Under an Office of Naval Research basic research effort, researchers at Advanced Technology Materials Inc. have grown thin layer silicon from isotopically purified silane gas (Si28H4). The result is a semiconductor that at room temperature conducts electricity about 30 percent better than traditional silicon. That’s important because by increasing thermal conductivity devices and circuits can be driven with a higher current?speed before they start to burn out.From the Office of Naval Research:Cool running semiconductors
Solid-state semiconductors don’t handle heat very well. If they’re operated at high power, they tend to burn out. Heat poses other problems as well?the hotter the device, the greater the electrical resistance (and the lower the efficiency). Digital semiconductor devices also have capacitive elements — small elements that store electrical charge — and if the devices are to run at their fastest, these capacitive elements must be charged as rapidly as possible. Here again heat poses a dilemma: faster charging requires higher voltages and currents, but the resulting resistive heating raises the device’s ambient temperature.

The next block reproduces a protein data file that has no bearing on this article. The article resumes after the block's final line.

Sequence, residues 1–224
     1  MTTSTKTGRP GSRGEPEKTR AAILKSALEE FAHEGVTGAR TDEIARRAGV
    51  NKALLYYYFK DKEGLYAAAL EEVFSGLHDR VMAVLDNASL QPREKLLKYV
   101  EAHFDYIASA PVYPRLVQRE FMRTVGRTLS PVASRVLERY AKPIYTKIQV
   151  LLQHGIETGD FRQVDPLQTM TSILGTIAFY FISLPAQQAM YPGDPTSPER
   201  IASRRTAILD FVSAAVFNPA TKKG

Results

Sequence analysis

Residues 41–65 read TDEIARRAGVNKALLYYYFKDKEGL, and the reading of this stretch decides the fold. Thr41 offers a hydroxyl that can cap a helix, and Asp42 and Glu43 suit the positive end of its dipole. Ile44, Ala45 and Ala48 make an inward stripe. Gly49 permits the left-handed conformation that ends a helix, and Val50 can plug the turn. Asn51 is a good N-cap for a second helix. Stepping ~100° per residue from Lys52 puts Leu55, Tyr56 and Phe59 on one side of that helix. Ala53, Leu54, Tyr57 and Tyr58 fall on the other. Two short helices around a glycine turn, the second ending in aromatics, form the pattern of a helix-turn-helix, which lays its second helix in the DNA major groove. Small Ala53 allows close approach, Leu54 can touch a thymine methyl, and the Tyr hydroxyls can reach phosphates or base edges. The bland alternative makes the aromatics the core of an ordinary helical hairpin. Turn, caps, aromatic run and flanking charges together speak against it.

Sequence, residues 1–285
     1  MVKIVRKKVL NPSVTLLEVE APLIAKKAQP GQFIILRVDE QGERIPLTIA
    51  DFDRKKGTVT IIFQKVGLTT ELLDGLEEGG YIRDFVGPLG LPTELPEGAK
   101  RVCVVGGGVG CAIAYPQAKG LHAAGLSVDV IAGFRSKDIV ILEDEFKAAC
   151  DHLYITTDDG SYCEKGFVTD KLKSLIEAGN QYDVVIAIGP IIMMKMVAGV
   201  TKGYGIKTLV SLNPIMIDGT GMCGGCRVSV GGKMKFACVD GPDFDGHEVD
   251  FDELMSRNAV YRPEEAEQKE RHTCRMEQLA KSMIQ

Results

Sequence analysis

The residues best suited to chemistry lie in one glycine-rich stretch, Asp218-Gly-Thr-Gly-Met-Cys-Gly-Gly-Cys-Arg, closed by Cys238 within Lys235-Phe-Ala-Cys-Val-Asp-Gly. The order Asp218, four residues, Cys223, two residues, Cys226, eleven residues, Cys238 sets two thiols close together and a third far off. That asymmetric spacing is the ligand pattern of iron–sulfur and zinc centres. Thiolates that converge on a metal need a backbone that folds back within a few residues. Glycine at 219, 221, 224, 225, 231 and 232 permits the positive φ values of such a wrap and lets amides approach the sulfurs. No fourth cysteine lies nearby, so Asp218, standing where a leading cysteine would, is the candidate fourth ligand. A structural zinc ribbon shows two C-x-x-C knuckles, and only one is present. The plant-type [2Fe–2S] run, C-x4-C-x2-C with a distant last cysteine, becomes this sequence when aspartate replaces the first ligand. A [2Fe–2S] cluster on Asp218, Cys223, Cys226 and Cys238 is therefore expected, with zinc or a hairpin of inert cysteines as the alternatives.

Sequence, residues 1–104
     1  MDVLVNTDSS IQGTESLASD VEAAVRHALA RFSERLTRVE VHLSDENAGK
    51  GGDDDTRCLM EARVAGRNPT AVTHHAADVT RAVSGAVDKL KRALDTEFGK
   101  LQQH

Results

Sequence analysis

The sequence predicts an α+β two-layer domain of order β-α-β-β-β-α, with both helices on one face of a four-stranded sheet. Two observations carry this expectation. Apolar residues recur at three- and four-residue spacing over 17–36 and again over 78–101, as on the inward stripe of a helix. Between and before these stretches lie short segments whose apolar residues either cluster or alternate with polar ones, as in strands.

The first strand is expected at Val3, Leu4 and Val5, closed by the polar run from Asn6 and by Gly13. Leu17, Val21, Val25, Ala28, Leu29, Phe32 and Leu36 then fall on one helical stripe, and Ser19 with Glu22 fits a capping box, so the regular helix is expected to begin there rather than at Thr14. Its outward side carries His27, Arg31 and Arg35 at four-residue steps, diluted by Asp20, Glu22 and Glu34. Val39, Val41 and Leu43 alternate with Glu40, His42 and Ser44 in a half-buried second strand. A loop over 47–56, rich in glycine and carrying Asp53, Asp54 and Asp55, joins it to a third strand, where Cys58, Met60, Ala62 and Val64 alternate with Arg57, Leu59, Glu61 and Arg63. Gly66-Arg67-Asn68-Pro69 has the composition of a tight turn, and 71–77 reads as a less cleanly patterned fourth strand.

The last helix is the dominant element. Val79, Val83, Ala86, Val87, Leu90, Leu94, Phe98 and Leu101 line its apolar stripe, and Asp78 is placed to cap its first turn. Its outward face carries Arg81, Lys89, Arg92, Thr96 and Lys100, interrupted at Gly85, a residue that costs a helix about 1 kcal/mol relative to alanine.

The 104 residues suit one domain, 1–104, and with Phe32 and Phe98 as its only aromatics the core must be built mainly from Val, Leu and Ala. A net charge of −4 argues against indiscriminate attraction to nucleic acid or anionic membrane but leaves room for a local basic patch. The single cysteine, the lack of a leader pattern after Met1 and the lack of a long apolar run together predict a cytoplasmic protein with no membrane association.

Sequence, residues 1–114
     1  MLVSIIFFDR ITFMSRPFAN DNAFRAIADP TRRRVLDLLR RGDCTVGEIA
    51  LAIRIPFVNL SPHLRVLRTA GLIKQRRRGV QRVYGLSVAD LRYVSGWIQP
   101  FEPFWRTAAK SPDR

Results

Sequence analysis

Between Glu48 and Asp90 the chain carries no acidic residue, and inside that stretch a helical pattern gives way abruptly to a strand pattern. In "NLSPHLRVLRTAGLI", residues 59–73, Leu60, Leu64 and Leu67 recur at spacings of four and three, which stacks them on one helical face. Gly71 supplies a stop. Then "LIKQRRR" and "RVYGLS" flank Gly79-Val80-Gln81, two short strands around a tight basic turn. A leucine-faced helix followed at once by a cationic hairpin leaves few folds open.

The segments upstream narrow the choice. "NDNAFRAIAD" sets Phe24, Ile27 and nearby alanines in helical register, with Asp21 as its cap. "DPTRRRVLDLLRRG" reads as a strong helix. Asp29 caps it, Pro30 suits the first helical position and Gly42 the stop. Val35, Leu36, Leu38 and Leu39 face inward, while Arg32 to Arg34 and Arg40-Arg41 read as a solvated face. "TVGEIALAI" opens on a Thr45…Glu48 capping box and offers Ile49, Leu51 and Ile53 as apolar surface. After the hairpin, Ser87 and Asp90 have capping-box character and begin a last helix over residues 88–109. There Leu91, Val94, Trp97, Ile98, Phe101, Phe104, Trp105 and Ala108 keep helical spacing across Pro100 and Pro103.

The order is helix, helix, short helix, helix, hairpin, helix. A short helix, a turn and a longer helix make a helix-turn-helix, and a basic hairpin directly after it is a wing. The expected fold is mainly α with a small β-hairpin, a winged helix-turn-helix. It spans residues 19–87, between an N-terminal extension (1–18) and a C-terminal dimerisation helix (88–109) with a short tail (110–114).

Increasing thermal conductivity can remove this extra heat faster, which in turn allows devices and circuits to be driven with a higher current?speed. Alternatively (without increasing the current), increasing thermal conductivity also allows devices to be more closely packed, which increases the system’s overall speed (by reduced interconnect resistances and capacitances) thus improving time constants and circuit speed.
Under an Office of Naval Research basic research effort, Dr. George Brandes’ team at Advanced Technology Materials Inc. (ATMI) of Danbury, CT have grown thin layer silicon from isotopically purified silane gas (Si28H4). Using the latest scanning thermal conductivity probe Prof. Fred Pollack of the City University of New York (also funded by ONR) measured the thermal conductivity of these silicon films at room temperature to be ~30% higher than regular silicon. Removing the Si27 and Si29 isotopes allows a purer phonon (improved lattice vibrational frequency) distribution, smoothing the pathway for heat conduction.
“ONR hopes to further this approach in isotopically pure silicon carbide for extremely high power devices,” say ONR’s Colin Wood, science manager for the research.